where invalidate_inode_pages2() purges page-cache associated with given inode. The idea is that if you open the same file more than once (and maybe referring by different names), the page-cache is not duplicated. There is a general cache coherence problem to cope with: imagine that you read/write a file from the node "A", so some content of the file is cached there, and now you modify the file from the node "B". Which mechanism should FUSE programmer utilize to ensure that users of node "A" won't see stale content? There is no good universal solution in FUSE methodology (AFAIK), but there are some tricks. KEEP_CACHE is one of them: it barriers stale data at least at the moment of handling open(2). Does this answer your question?


Thanks,

Maxim


On 01/03/2017 02:01 AM, 박마루한 wrote:
Yes it shows that caching improves read when using "cat". But I still don't know what cached information is allowing the performance boost.

I'm thinking the answer to this question of mine can help with that: "what if a process tried to read "/mnt/fuse/file" where "/mnt/fuse" is the mount point of the fuse program, and I made the fuse program do nothing and return 0 for its open operation method? What gets cached then?"

2017-01-03 18:48 GMT+09:00 Stef Bon <[hidden email]>:
Well I can't help you then.
In the link is described the problem and an example. This example
reads a file many times, to show the difference when using the
keep_cache
option. If you stil don't know what is cached here......



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Re: What is cached when your fuse does nothing for "open"?

Stef Bon-2
2017-01-04 3:07 GMT+01:00 박마루한 <[hidden email]>:
> Thank you

> And then, an outsider who is not using fuse, simply opens the file (cat
> /home/foo/file). In this scenario, both fuse and outside-fuse are using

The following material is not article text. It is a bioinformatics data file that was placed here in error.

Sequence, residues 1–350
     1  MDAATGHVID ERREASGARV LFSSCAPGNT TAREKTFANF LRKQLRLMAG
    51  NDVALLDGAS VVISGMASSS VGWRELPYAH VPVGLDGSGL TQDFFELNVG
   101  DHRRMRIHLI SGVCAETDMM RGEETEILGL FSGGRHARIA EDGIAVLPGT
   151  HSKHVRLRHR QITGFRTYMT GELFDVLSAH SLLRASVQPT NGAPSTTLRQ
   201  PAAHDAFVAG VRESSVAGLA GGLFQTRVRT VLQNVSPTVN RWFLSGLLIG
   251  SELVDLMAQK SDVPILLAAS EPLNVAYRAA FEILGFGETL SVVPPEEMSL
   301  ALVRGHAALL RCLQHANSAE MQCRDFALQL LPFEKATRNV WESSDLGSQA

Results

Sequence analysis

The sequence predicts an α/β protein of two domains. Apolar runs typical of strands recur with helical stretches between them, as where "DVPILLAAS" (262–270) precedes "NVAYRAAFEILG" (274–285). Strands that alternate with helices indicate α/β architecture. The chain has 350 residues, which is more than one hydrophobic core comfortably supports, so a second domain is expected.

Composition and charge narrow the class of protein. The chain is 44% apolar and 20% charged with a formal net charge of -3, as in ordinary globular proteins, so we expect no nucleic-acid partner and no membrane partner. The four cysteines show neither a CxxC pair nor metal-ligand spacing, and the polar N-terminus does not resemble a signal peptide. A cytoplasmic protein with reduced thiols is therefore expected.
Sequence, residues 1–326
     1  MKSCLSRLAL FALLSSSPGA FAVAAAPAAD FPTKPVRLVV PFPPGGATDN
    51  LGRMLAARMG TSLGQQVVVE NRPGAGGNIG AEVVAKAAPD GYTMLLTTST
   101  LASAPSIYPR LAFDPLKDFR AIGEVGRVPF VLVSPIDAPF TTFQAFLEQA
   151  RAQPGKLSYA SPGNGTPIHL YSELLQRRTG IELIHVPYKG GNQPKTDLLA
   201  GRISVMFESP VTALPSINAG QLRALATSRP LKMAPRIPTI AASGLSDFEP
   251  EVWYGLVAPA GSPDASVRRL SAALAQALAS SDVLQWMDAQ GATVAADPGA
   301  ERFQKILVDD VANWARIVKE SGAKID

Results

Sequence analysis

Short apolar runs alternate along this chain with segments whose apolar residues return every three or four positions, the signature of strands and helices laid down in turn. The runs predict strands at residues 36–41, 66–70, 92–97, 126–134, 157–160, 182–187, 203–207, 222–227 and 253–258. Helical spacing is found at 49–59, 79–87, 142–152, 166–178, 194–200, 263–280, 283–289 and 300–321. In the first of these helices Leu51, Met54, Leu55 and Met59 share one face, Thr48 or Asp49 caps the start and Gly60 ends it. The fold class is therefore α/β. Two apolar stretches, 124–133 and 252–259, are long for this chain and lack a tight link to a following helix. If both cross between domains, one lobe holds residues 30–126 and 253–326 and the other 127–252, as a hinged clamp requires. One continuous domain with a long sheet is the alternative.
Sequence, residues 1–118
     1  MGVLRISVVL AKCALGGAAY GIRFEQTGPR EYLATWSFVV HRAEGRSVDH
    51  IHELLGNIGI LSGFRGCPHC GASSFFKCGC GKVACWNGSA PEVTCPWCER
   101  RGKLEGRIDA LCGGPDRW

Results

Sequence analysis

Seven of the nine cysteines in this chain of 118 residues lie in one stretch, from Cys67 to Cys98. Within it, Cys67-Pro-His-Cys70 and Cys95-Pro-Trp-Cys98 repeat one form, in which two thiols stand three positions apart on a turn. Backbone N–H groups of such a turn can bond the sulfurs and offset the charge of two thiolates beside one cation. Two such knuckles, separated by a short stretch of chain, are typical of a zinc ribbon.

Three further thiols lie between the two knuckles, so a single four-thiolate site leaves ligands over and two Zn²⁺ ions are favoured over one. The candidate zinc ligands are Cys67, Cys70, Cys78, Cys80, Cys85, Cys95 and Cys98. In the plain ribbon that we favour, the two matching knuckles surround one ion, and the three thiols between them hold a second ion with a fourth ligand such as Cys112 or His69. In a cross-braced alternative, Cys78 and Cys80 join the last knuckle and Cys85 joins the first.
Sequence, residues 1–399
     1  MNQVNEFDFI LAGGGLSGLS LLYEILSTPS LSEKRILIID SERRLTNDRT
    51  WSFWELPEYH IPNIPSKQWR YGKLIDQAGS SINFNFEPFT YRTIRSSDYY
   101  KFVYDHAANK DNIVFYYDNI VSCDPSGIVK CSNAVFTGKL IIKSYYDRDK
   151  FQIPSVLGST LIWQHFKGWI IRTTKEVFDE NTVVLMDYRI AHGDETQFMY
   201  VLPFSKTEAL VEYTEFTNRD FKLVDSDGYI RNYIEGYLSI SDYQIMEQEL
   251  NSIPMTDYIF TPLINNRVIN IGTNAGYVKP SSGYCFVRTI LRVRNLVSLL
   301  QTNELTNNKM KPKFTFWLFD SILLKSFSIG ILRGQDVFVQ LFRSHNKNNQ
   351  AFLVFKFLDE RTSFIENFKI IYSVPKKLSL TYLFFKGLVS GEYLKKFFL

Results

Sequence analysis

> libc's open to the file (/home/foo/file), which seems to me that they should
> both be looking at the same page cache.  But, if the above question is
> correct, it should mean that fuse can alter the page cache for the file
> (/home/foo/file), which affects the outsider accessing the file too (cat
> /home/foo/file). This does not seem correct.

No your assumption that the files /home/foo/file and /mnt/fuse/foo/file
are using the same pagecache is not correct.
If you are doing a stat call to both of them, you will see different
inodes and even better
different devices. They are different files to the kernel.

Stef Bon

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Re: What is cached when your fuse does nothing for "open"?

Maruhan Park
"They are different files to the kernel."

Ok cool, that's what I thought.

Then, we can go back to this question,

"Logically, fuse's open operation is really not the one opening the file, so it has to be the files that libc's open method is calling that gets cached. So, how does fuse handle this?"

As I've mentioned, you can do anything you want in fuse's open operation. You can decide to call libc's open to a file. You can decide it to print "hello world". You can decide it to do nothing. Heck, you can even make it open two or more files.

When this is the case, I can only be convinced that caching happens only when libc's open is called.
Which then leads me to suspect that this is the case,

Outsider case
1. Process requests VFS to call "open" to /foo/file
2. VFS checks its cache
3. If there's none, VFS sends "open" to the appropriate filesystem (assume ext2). Then, VFS caches /foo/file. VFS returns the file handle back to the process.

Fuse case: